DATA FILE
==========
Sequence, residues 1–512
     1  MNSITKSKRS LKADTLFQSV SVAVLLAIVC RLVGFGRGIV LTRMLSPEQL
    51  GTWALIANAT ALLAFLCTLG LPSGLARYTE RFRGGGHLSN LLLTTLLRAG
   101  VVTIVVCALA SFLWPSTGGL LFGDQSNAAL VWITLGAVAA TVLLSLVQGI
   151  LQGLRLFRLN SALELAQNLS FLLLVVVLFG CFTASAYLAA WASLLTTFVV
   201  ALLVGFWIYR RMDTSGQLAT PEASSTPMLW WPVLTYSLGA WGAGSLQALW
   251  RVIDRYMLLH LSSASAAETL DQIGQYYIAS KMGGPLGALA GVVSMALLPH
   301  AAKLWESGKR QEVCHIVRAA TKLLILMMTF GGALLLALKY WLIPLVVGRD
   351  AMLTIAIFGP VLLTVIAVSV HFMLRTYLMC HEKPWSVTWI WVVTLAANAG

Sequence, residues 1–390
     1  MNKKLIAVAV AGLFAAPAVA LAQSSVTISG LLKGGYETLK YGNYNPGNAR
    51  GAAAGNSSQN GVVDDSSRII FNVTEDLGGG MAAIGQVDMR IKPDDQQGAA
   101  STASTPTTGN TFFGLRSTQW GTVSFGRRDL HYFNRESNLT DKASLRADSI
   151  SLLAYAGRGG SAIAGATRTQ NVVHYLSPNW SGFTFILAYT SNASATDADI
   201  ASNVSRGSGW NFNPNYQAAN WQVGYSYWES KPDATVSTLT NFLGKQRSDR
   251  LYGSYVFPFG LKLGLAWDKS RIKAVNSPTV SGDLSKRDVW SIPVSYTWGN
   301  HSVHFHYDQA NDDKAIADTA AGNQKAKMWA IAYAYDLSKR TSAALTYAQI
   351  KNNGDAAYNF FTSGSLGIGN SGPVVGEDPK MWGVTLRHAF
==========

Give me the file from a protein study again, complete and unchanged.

Sequence, residues 1–512
     1  MNSITKSKRS LKADTLFQSV SVAVLLAIVC RLVGFGRGIV LTRMLSPEQL
    51  GTWALIANAT ALLAFLCTLG LPSGLARYTE RFRGGGHLSN LLLTTLLRAG
   101  VVTIVVCALA SFLWPSTGGL LFGDQSNAAL VWITLGAVAA TVLLSLVQGI
   151  LQGLRLFRLN SALELAQNLS FLLLVVVLFG CFTASAYLAA WASLLTTFVV
   201  ALLVGFWIYR RMDTSGQLAT PEASSTPMLW WPVLTYSLGA WGAGSLQALW
   251  RVIDRYMLLH LSSASAAETL DQIGQYYIAS KMGGPLGALA GVVSMALLPH
   301  AAKLWESGKR QEVCHIVRAA TKLLILMMTF GGALLLALKY WLIPLVVGRD
   351  AMLTIAIFGP VLLTVIAVSV HFMLRTYLMC HEKPWSVTWI WVVTLAANAG

Sequence, residues 1–390
     1  MNKKLIAVAV AGLFAAPAVA LAQSSVTISG LLKGGYETLK YGNYNPGNAR
    51  GAAAGNSSQN GVVDDSSRII FNVTEDLGGG MAAIGQVDMR IKPDDQQGAA
   101  STASTPTTGN TFFGLRSTQW GTVSFGRRDL HYFNRESNLT DKASLRADSI
   151  SLLAYAGRGG SAIAGATRTQ NVVHYLSPNW SGFTFILAYT SNASATDADI
   201  ASNVSRGSGW NFNPNYQAAN WQVGYSYWES KPDATVSTLT NFLGKQRSDR
   251  LYGSYVFPFG LKLGLAWDKS RIKAVNSPTV SGDLSKRDVW SIPVSYTWGN
   301  HSVHFHYDQA NDDKAIADTA AGNQKAKMWA IAYAYDLSKR TSAALTYAQI
   351  KNNGDAAYNF FTSGSLGIGN SGPVVGEDPK MWGVTLRHAF